The grot is exhibited as small spots of reduced sensitivity, generally extending only over a pixel or two. Probably due to flecks of anti-reflective paint, scraped off the light baffles between the dewars, as they are forced against each other.
Notice in the Camera 1 image a "battleship" feature. This a plot of the Relative throughput across.
Above are grot masks for each of the cameras, in FITS format. These images are ratios of on-orbit flats to ground flats for all 3 cameras. A high-pass filter was applied to the ratios to remove large scale QE changes between the ground and on-orbit flats, and to remove the vignetted regions at the bottom (-Y) edge of NIC2 and NIC3. The coronographic hole was also masked out of the NIC2 ratio.
A ring filtered (low-pass) version of each ratio was subtracted from itself. Iterative sigma clipping was then done to select out the affected pixles. Previously known "bad" pixels are *not* included in these masks. These can be found in the MASKFILE calibration reference file. The masks given here just show the number of grot particles (and possibly some new dead pixels) and their locations on the detectors as of when the on-orbit flats were made. Grot affects approximately 250 pixels in each detector, or less than 1% of the total number of pixels.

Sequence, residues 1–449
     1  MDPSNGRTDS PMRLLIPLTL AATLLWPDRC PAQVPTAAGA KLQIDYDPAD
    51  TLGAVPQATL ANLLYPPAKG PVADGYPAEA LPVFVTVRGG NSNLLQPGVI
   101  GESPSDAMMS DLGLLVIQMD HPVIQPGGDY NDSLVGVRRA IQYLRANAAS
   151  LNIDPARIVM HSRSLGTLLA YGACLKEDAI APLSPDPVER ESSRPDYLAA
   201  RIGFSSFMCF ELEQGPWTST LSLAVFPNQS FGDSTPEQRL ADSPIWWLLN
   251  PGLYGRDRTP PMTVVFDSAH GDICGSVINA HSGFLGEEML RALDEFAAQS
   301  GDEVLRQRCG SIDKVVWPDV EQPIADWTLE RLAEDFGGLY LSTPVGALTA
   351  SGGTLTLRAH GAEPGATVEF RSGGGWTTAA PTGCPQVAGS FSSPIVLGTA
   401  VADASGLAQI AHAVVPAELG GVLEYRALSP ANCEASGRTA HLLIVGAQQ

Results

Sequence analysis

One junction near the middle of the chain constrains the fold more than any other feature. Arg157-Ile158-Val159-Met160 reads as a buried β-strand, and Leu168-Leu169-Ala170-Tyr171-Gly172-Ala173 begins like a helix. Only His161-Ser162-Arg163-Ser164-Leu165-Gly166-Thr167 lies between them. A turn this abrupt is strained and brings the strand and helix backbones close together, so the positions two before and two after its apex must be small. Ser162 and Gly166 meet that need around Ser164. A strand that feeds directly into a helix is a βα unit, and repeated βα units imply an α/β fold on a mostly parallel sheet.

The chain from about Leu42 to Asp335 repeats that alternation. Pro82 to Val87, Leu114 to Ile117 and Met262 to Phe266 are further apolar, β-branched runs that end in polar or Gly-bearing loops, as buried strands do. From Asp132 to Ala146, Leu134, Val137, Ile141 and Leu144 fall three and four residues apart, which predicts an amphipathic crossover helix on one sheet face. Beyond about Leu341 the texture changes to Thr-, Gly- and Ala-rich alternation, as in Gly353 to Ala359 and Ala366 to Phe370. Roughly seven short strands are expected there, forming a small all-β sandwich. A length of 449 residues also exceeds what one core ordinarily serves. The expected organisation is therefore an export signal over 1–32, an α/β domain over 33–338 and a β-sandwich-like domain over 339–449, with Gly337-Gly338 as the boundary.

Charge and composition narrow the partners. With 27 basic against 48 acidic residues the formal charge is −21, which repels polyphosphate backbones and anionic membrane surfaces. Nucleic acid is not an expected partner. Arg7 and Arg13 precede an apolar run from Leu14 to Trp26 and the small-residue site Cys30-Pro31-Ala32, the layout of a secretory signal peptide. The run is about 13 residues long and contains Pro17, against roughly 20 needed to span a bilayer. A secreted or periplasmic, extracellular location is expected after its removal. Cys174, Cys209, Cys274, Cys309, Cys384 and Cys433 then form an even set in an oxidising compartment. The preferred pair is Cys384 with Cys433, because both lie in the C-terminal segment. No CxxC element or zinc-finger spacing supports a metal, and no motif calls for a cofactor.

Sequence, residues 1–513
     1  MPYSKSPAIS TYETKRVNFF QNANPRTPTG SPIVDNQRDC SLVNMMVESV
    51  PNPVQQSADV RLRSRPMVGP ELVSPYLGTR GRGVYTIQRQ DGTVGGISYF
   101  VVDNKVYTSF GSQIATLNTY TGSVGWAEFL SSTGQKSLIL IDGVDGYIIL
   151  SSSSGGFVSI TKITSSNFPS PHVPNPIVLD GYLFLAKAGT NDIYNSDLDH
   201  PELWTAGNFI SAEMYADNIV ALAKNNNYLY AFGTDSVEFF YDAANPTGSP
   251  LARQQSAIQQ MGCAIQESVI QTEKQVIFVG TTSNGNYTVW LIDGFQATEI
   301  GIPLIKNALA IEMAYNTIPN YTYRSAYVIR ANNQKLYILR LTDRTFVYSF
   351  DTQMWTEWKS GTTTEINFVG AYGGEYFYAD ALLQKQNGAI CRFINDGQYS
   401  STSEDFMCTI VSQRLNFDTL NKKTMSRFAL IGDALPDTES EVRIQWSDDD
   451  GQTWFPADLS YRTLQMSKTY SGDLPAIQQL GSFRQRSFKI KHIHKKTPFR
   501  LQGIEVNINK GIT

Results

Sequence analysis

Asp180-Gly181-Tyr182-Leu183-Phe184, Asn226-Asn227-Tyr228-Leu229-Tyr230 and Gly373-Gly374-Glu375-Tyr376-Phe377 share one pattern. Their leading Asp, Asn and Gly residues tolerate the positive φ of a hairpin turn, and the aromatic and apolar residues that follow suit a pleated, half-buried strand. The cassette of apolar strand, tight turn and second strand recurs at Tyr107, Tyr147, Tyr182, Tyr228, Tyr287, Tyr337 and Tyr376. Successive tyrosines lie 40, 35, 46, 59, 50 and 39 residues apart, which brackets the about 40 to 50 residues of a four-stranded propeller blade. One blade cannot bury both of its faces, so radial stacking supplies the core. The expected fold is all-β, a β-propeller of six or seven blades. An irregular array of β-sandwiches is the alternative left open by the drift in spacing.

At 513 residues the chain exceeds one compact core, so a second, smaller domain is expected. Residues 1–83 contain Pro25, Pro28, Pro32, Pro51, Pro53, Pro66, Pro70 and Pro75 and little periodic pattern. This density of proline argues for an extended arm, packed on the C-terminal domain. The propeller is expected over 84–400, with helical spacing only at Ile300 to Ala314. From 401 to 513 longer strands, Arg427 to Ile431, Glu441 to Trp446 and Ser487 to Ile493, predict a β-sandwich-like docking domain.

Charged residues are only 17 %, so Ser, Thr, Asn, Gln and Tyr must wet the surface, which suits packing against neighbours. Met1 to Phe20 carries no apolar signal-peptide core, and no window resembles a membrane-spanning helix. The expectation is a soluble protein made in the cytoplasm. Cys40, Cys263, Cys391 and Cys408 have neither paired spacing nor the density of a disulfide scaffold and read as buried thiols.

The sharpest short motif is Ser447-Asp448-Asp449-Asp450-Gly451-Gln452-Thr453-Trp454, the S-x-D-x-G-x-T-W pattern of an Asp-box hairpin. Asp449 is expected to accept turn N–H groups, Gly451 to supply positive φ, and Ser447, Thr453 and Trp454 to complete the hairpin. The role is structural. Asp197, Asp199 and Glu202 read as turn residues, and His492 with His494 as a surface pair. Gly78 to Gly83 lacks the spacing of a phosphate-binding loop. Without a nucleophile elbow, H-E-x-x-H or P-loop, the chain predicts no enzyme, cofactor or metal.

The best "cure" for grot is dithering-- break your exposures into several parts, and change the pointing a bit between exposures. When recombined into a single image with CALNICB, pixels effected by grot will not be included. If you have not dithered your data, grot can be minimized in a cosmetic sense by replacing the effected pixels with the average of the surrounding unaffected ones.